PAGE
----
If it’s nice next door, it could help to seal your sale

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Everybody needs good neighbours and if they happen to be over 50, it could make selling your property less traumatic.

A poll by Saga Home Insurance reveals that more than 80 per cent of people in Eastern England asked say the condition of a neighbouring property is important when house hunting.

And it seems the over 50s make the best neighbours, because they are less likely to let the neighbourhood go to the dogs.

The survey shows that younger people are more prone to letting their property become an eyesore, with peeling paint, collapsing fences and bin bags dumped on top of an unkempt garden.

Of the various eyesores that put Eastern England residents off making an offer on a house, rubbish in the front garden topped the list, followed by dismantled cars, overgrown gardens, unkempt lawns and any evidence that the property owner keeps lots of pets.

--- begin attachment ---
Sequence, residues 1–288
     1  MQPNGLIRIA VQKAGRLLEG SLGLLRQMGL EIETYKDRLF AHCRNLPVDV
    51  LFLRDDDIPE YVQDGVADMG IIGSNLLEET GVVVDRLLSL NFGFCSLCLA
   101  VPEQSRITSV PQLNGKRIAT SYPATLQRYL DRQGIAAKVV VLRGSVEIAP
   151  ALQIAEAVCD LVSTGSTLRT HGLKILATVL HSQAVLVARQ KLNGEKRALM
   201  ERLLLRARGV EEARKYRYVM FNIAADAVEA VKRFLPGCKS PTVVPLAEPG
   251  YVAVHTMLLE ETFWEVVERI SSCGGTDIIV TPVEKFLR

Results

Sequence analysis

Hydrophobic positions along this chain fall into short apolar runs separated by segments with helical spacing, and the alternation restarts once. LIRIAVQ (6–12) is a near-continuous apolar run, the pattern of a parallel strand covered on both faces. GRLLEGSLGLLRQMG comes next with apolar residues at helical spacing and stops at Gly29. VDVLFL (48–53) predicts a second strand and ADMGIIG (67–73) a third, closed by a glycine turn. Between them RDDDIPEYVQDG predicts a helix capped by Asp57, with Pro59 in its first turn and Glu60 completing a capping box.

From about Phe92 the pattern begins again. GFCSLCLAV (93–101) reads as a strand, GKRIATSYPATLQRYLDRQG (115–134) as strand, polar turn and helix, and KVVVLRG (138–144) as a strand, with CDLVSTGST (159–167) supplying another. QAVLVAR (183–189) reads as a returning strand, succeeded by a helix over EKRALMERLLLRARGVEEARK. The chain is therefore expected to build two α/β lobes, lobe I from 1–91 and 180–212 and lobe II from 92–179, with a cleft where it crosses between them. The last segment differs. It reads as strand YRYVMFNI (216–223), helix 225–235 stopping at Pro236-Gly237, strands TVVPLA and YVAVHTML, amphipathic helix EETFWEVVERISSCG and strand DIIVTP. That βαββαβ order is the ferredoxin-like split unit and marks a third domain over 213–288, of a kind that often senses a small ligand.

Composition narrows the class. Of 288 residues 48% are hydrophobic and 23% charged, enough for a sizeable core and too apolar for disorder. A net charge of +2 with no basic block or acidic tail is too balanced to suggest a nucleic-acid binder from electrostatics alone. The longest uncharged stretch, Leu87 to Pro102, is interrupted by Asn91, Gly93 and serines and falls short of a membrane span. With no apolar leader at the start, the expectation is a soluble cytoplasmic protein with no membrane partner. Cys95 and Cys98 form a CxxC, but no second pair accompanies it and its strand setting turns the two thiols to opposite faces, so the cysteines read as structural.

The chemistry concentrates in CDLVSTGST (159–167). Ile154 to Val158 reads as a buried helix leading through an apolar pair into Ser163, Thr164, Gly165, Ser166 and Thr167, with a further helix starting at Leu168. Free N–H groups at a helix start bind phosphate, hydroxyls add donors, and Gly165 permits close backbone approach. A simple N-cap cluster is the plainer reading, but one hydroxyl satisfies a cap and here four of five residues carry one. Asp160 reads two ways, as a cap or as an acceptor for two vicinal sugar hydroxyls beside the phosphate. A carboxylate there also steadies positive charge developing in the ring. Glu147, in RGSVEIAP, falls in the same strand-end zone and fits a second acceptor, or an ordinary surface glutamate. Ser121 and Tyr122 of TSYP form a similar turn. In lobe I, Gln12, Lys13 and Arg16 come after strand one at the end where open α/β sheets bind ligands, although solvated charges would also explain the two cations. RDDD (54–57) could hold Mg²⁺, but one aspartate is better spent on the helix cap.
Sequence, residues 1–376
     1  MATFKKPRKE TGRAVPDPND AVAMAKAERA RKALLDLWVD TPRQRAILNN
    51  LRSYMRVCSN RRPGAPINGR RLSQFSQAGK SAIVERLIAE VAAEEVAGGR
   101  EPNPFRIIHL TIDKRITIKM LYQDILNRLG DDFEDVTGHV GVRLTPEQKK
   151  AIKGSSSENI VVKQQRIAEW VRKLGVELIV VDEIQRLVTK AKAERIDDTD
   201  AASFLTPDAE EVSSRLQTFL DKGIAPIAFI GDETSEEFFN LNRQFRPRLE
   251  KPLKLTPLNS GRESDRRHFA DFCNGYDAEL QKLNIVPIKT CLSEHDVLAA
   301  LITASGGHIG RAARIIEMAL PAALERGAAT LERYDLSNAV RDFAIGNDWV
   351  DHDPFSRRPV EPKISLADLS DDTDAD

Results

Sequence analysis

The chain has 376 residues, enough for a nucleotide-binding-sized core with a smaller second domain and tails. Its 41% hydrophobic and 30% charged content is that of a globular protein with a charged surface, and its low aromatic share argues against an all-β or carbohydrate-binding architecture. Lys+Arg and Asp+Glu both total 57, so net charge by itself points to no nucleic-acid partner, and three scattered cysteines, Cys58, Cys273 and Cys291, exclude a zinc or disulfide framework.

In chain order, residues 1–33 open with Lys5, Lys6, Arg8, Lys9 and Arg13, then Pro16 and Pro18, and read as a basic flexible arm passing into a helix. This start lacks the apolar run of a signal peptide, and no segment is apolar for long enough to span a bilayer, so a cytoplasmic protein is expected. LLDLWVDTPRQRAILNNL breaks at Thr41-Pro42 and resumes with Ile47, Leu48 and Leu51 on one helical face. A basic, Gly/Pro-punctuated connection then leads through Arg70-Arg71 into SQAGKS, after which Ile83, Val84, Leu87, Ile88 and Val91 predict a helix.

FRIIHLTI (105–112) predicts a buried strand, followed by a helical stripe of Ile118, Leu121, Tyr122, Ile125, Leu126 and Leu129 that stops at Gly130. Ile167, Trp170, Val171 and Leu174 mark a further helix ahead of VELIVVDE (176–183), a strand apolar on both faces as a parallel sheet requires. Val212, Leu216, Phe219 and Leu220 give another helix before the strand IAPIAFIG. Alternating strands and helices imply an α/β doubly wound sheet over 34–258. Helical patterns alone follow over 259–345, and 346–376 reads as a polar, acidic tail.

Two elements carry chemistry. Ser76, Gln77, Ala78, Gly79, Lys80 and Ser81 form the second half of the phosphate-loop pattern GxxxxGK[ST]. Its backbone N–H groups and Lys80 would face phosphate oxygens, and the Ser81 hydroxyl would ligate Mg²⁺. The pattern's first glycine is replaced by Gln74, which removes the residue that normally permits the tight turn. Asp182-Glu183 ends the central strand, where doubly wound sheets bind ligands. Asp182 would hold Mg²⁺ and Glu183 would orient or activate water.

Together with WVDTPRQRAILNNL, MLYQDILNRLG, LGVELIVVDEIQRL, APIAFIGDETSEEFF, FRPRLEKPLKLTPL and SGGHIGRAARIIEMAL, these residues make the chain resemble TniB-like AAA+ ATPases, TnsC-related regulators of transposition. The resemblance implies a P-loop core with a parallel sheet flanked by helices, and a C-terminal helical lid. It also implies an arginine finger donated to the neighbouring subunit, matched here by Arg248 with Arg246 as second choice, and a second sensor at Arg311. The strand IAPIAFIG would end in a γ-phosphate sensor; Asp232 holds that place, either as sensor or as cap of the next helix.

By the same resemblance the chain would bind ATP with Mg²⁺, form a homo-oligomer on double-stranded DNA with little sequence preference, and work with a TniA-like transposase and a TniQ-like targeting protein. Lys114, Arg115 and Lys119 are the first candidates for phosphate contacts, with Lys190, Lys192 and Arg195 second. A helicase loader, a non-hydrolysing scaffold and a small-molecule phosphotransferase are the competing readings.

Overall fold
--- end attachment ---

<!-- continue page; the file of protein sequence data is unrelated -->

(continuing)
The survey found that more than four fifths of over 50s throughout the UK say that they like to keep their front garden tidy and they put a lot of effort into doing so.

A quarter of these constant gardeners say they mow their lawn once a week, compared to just eight per cent of under 50s.

They are also less likely to have peeling paint, fences in need of repair or rubbish strewn over the front lawn. Regionally, of people in Eastern England asked, 27 per cent say they mow the lawn once a week, making people here among the most houseproud in Britain.

In comparison, just two thirds of 25-34 year olds say they like to keep their front garden tidy, they are eight times as likely to have rubbish in their garden as over 50s and one in ten have fences in need of repair.

Other front garden frights people admit having includes dumped furniture, building materials and garden gnomes.

Saga Services chief executive Roger Ramsden said: “The over 50s seem much more house-proud than younger generations, which is good for their neighbours and the area they live in.

“The Saga generations are keen gardeners and clearly believe that first impressions count, it appears that keeping your bushes trimmed has kerb appeal and lifts house prices in your neighbourhood.”